Methane is a potent greenhouse gas that’s far more warming than carbon dioxide. But it breaks down in the atmosphere more quickly that CO2, so slashing it is seen as “one of the cheapest, fastest ways to curb global warming in the short term,” explainedBloomberg. Fossil fuel operations tend to dramatically underreport their methane releases, so the hope is that more transparency about emissions will encourage reduction efforts from producers, but reductions “can increase costs in the short term and slow output,” Bloomberg noted.

4. India eyes IEA membership

India wants to take its relationship with one of the world’s leading energy authorities to the next level. The country has applied to become a full member of the International Energy Agency (IEA), joining 31 other member countries, and ministers are deciding whether or not to say yes. India is already an “association country,” but full membership would boost its role in tackling climate change. It could also help the IEA “strengthen cooperation in Asia to stabilize energy supplies,” as the region emerges as a key source of new global energy consumption, The Nikkeireported. The IEA noted that energy demand is expected to grow more in India than in any other country over the next 30 years. “The world cannot plan for its energy future without India at the table,” said IEA Executive Director Fatih Birol.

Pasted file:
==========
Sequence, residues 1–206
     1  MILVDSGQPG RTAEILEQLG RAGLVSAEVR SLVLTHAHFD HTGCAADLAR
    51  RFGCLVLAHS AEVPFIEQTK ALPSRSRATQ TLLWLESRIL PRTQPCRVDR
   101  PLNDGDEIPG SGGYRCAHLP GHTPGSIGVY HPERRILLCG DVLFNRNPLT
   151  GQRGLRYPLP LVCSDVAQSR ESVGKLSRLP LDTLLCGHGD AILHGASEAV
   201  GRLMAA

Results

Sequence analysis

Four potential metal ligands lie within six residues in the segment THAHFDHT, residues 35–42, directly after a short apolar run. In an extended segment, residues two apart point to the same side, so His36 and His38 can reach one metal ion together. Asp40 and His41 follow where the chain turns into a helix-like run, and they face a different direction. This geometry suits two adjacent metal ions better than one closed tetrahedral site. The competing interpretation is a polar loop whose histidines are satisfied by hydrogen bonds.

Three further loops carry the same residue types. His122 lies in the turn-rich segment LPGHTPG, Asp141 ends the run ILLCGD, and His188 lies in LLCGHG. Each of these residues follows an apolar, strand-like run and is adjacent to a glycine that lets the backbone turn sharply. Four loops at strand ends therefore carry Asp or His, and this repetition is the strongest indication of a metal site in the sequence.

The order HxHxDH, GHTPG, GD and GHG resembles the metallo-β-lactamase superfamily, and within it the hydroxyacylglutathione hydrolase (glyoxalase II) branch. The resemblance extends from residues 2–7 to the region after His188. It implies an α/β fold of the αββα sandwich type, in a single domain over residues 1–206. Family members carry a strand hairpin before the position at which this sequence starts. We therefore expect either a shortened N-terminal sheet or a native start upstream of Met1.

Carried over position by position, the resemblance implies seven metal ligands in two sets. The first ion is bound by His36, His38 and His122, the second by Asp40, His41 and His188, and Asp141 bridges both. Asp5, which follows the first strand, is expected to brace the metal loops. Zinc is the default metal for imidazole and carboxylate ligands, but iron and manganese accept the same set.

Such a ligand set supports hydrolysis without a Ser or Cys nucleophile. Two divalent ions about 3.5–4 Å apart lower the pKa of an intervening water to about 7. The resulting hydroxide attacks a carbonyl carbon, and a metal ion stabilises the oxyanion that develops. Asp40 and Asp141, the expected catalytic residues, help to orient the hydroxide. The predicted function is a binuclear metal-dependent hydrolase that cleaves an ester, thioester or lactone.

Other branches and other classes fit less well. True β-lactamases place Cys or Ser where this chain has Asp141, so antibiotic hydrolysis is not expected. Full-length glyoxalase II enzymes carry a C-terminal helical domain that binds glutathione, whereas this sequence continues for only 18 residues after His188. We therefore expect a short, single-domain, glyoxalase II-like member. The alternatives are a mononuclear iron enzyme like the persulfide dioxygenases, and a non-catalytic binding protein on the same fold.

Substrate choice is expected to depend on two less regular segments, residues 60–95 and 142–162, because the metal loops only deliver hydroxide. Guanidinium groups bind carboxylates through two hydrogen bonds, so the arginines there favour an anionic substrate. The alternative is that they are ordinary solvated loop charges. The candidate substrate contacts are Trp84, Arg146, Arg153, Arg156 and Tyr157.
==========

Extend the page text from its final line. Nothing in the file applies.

5. Researchers unveil lab-grown pink ‘beef rice’

The latest development in the enduring quest to create a meat substitute that people will actually eat is “beef rice.” Yes, you read that right. Researchers in South Korea have grown rice grains in a lab that contain cow muscle and fat cells. The beef rice is pink, firm, and high in protein and fat. Unlike some other meat alternatives, it uses ingredients that are widely available, affordable, and have a lower carbon footprint per gram of protein than beef, leading its creators to declare it “a novel food ingredient that can overcome humanity’s food crisis.” But the proof will be in the (rice) pudding: “A critical test is around public appetite for these sorts of lab-developed foods,” Neil Ward, an agri-food and climate specialist and professor at the University of East Anglia, told CNN.